Katherine’s Story

  • 7 years ago
  • Location: NSW
  • Age: 28
Read more stories from women with cervical cancer.

In 2014, I found out I had Stage 1A cervical cancer at only 26 years of age.

I never thought it would happen to me, even though we had already been through my mum’s battle with breast cancer many years ago as young kids.

Although it was tough for the family to comprehend how it could happen to another person in the family, it was especially hard for mum. I recall her saying that she’d rather deal with it twice over than have it happen to her own children.

I was one of those statistics that didn’t complete all the required shots of the HPV vaccine, I missed out having finished high school just after they were introduced.

Before this, I had been one of those people who believed they were invincible, being at such a young age and in the prime of my life, so I had left the Pap test til later than normal (about 3 years after my last test).

I started getting irregular bleeding which I dismissed at the time as stress from both full time work and university. I decided to “just do the test” on a whim while I was seeing the doctor for the flu. When my GP a week after the test, she told me I was her first patient to have had cervical cancer.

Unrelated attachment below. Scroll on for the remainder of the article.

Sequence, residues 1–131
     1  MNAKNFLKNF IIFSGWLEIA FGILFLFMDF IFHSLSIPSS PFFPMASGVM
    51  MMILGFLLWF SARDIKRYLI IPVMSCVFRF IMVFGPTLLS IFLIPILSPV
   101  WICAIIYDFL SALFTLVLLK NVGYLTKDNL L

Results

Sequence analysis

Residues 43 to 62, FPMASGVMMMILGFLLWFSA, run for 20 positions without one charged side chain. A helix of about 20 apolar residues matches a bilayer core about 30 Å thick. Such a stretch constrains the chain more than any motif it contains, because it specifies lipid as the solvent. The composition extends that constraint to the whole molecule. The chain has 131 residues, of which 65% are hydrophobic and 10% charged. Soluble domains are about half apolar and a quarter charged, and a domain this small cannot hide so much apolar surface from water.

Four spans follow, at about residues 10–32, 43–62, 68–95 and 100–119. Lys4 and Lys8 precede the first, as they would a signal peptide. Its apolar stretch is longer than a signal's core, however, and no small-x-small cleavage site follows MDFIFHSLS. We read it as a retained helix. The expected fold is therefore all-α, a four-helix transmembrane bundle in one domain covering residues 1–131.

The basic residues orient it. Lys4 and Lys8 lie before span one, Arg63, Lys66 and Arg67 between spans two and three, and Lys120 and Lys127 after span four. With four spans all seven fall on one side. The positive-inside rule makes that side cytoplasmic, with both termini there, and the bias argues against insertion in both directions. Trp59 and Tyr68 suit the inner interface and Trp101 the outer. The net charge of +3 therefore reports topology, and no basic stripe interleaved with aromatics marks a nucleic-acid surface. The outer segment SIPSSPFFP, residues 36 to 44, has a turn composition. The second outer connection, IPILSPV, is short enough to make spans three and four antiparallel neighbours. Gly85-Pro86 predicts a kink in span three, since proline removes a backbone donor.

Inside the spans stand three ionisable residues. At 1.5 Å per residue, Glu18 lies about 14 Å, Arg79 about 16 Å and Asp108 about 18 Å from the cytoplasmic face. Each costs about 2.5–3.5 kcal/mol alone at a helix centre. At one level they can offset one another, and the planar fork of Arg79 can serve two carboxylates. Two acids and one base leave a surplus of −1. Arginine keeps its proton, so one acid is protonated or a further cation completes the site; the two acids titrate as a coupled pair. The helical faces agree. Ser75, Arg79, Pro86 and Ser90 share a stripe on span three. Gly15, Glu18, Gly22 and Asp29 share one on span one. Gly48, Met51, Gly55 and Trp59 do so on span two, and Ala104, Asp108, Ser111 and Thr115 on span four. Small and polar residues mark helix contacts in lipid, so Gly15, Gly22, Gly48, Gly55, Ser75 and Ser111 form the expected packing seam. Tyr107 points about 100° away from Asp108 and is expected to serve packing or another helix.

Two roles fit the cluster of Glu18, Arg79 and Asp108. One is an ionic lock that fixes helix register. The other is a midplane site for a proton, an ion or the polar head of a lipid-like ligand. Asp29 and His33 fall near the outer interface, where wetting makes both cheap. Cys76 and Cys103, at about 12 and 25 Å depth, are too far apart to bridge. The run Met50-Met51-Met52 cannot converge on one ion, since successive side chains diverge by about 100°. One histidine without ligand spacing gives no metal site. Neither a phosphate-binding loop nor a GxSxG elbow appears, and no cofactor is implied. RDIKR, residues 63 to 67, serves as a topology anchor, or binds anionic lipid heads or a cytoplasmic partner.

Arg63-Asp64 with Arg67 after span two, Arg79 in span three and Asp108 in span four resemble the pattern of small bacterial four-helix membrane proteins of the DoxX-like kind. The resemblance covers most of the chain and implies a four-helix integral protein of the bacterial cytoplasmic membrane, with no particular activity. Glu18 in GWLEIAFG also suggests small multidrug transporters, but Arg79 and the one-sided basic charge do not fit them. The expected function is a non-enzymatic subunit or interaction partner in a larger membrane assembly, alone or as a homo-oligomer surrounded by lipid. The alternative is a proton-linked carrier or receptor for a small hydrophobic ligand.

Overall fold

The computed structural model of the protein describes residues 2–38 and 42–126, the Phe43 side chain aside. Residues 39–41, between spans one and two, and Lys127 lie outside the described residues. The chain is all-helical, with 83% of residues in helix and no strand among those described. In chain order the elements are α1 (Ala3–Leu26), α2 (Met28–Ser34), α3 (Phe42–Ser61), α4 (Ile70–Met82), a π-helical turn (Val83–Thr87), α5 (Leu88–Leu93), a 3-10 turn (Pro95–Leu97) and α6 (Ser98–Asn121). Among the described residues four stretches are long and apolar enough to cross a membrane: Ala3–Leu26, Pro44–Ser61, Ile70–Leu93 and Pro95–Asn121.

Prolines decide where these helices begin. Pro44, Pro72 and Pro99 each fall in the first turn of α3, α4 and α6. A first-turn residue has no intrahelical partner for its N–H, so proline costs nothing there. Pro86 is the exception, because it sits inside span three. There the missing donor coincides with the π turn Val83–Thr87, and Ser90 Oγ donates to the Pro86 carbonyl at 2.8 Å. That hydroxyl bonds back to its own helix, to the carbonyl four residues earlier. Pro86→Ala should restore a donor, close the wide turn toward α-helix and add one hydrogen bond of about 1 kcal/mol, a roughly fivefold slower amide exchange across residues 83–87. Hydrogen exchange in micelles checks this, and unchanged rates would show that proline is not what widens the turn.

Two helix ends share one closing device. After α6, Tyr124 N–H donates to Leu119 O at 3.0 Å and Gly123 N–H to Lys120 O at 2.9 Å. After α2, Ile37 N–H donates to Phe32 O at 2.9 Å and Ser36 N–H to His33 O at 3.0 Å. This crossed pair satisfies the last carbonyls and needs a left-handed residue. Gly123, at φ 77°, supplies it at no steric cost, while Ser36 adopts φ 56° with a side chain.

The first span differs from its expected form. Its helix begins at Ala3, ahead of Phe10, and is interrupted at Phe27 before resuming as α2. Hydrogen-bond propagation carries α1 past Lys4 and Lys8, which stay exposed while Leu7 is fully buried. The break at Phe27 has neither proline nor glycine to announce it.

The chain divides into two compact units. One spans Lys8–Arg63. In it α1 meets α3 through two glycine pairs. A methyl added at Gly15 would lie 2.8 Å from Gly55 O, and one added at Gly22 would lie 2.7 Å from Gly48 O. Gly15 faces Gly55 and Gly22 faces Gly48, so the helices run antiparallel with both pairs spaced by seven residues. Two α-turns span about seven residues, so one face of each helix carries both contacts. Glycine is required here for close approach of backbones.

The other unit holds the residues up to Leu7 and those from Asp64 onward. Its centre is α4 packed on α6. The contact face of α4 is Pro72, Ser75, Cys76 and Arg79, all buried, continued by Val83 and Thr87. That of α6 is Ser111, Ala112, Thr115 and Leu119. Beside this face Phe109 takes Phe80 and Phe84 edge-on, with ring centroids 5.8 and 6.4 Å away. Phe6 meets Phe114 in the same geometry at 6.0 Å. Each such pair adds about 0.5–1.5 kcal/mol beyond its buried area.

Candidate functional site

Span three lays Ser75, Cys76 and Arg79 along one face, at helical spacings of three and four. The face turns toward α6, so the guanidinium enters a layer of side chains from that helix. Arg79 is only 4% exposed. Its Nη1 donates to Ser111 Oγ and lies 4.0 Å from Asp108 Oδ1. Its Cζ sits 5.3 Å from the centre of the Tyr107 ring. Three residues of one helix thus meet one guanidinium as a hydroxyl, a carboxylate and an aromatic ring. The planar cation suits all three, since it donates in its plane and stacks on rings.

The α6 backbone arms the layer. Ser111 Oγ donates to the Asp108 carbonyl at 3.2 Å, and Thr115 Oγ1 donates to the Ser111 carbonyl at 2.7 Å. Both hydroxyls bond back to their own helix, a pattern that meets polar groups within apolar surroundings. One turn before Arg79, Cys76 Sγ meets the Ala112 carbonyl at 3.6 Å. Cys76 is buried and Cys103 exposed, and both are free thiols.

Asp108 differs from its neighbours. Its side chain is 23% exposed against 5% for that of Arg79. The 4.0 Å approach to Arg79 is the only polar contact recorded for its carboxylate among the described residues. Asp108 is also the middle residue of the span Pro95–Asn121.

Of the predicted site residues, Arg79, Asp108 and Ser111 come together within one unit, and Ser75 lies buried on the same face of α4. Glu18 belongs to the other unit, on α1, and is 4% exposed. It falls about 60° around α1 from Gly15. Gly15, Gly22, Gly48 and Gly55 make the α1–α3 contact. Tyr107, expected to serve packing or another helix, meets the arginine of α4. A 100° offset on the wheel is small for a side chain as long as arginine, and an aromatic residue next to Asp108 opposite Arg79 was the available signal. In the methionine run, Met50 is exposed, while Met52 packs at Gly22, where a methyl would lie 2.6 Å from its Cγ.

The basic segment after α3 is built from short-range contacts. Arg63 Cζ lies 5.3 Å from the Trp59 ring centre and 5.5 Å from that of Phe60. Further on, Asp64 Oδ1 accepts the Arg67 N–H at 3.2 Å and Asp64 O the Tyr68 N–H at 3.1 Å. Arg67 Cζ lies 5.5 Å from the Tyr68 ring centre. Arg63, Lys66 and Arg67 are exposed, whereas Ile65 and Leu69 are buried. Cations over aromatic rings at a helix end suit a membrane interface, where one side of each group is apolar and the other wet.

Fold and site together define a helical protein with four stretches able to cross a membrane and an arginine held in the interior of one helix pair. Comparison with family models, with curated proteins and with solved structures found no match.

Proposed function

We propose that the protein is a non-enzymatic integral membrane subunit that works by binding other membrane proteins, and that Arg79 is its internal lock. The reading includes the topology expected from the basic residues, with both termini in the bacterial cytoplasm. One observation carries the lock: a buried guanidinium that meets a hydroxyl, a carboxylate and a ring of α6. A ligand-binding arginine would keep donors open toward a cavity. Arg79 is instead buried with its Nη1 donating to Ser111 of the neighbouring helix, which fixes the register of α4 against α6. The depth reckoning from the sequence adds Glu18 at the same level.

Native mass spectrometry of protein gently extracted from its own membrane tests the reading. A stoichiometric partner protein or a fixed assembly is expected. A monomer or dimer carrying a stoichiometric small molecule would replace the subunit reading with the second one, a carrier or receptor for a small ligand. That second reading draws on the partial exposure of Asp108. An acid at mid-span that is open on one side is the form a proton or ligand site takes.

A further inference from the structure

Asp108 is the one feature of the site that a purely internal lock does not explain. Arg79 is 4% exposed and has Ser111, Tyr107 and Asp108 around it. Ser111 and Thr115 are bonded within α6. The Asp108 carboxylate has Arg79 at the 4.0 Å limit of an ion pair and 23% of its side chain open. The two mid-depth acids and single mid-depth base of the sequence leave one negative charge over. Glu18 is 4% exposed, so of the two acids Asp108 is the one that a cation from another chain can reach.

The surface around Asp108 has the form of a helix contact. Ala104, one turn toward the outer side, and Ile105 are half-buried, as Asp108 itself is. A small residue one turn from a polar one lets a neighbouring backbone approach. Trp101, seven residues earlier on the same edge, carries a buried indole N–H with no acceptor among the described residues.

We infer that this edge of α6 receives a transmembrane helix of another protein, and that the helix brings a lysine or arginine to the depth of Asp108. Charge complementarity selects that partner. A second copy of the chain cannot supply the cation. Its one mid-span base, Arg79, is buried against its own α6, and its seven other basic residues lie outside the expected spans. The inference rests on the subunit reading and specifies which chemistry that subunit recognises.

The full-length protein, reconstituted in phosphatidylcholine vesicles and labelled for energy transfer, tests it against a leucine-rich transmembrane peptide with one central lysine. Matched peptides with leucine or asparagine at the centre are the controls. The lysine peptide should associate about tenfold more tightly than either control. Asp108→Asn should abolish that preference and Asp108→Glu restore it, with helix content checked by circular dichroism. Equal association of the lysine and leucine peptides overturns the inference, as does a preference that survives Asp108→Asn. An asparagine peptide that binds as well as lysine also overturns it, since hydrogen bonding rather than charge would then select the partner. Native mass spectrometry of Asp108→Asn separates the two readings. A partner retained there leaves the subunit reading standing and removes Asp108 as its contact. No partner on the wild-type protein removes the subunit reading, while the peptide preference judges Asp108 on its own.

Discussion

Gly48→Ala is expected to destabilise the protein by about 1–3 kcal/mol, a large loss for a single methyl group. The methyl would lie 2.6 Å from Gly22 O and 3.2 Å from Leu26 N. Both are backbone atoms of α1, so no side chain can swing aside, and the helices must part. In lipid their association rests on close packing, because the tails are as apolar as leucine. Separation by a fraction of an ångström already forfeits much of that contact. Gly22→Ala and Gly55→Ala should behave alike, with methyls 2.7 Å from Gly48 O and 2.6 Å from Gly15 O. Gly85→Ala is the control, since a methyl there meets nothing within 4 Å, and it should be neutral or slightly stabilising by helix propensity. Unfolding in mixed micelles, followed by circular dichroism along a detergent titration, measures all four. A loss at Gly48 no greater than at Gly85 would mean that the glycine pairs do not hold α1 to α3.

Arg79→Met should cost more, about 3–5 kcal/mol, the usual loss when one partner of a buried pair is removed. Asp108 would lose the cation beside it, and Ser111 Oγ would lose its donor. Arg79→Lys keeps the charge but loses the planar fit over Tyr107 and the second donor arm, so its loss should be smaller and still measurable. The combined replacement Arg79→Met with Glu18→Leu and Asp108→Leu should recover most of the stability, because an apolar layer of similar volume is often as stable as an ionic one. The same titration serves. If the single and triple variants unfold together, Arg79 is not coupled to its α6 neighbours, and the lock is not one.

At that stage, I was lucky enough to have caught it early and that the cancer hadn’t spread anywhere else other than my cervix. It was a 2 cm lump. I ultimately had my cervix removed, knowing I can never have the experience of giving birth naturally.

I thank my lucky stars that I decided to check when I did, as had I not had it checked I likely would’ve waited another three more years to do so which probably would’ve been too late.

It’s been almost two years since I had surgery, which means I’ll find out at my next visit (in May 2016) whether I’m in remission.

I know my scenario hasn’t been as serious as most others, however it certainly isn’t an experience that I can forget. I see it as a strength not a hurdle, and I thank mum for being as strong as she was.

My tips for Australian women about cervical health:

Please stick to your regular Pap test schedule, keep healthy and always ask questions when curious.